It has been an honor to serve on the Amtrak Board for the past decade. I am extremely proud of the hardworking employees at Amtrak who keep America moving. Our current circumstances remind us of just how fortunate we are to have their commitment and dedication. It is because of their efforts that Amtrak began 2020 in the strongest position since we were created nearly 50 years ago. Ridership, revenue and financial performance were at record levels. With the support of our state partners, Amtrak was on track to generate revenues exceeding operating expenses for the first time ever. The company began preparing for next-generation Acela trains, and had a bold vision of expanding train service in new and existing corridors across the country.
When the COVID-19 pandemic hit the nation in March, Amtrak quickly reacted to protect the health and safety of our customers and employees and maintain services for essential travelers and trips. We, like all transportation providers, were hit especially hard by the pandemic, with ridership plummeting by 97% in only a matter of weeks. We took immediate actions to stabilize the company and reduced capacity across the network in order to conserve resources for the uncertain future ahead. Emergency funding from Congress helped us survive this initial shock, but the continued 80% reduction in our ridership and the lack of any additional federal support so far has required us to make very painful decisions to temporarily reduce our workforce and long-distance train frequencies.
These furloughs and service reductions represent the single-most difficult decision we have made as a company in the past decade. I know that our Board and management are fully committed to recalling employees and restoring service levels as soon as we can. We are hopeful that our federal stakeholders will recognize Amtrak’s importance to communities across the nation and promptly provide the support we need to restore and recover.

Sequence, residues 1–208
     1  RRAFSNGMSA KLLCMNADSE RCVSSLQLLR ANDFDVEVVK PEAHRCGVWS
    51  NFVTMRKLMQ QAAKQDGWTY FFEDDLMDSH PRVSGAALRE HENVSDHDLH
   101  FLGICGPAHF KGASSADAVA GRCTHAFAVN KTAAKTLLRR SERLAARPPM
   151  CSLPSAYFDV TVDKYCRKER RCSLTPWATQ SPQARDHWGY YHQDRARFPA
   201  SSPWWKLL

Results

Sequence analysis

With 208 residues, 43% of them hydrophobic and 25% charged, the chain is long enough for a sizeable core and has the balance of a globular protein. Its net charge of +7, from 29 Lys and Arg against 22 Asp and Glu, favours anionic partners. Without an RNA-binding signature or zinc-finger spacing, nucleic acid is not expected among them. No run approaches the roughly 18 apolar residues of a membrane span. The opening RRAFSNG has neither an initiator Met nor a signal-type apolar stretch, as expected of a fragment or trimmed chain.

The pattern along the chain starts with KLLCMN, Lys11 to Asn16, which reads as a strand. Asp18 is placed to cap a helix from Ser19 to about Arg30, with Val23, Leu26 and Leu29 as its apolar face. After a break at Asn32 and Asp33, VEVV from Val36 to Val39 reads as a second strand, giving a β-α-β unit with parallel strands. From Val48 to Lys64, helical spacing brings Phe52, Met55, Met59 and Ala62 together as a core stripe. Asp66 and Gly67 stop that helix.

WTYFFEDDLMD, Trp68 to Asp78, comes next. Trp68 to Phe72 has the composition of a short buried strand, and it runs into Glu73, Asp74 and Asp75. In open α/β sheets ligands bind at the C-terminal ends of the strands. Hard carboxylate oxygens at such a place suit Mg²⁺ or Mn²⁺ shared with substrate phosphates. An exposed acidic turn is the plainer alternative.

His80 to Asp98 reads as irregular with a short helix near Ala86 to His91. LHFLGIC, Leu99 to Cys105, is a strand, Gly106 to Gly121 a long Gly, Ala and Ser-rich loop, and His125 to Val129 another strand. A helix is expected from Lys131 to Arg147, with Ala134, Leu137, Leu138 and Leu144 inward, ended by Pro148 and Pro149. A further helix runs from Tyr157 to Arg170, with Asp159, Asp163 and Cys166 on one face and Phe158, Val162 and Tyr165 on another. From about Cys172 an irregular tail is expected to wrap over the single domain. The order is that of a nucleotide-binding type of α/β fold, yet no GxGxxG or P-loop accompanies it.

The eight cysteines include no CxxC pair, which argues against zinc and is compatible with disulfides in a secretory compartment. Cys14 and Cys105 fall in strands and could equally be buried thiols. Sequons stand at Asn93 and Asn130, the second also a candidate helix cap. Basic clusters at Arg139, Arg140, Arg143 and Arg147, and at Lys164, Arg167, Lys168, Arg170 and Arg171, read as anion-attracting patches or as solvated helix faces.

In this context, I would like to provide some perspective on the Board’s view regarding the future of Amtrak, and address suggestions that Amtrak’s focus is on “profitability” and concerns about the future of long-distance service.
Let me start with the notion of making Amtrak “profitable.” Profitability is not Amtrak’s mission. Our mission, as defined by Congress, is “to provide efficient and effective intercity passenger rail mobility consisting of high-quality service that is trip-time competitive with other intercity travel options.” As our governing statute has recognized since the 1970s, Amtrak will never generate enough revenue to be profitable from an accounting perspective, i.e., to fully fund its operating and capital needs.
“Profitability is not
Mobility is not a moneymaker if you have to pay for 100% of the cost of getting from point A to point B. No mode of passenger transportation fully pays for itself. Airline tickets, the cost of driving, and commuter train and bus fares would all be prohibitively expensive if users had to fund all costs associated with them. Even our roads and interstates, which road advocates used to love saying were “user funded,” require billions in subsidies each year, with the feds now providing more than $157 billion in general revenue subsidies for the insolvent Highway Trust Fund since 2008. And, of course, airlines don’t build airports, and government at various levels provides substantial subsidies to transit systems. The costs of intercity passenger rail just happen to mostly run through Amtrak, and as a result the full expense of our mode is easier to see. Given this, Amtrak funding has always been a target by critics and competitors that like to forget the subsidization that occurs across all modes.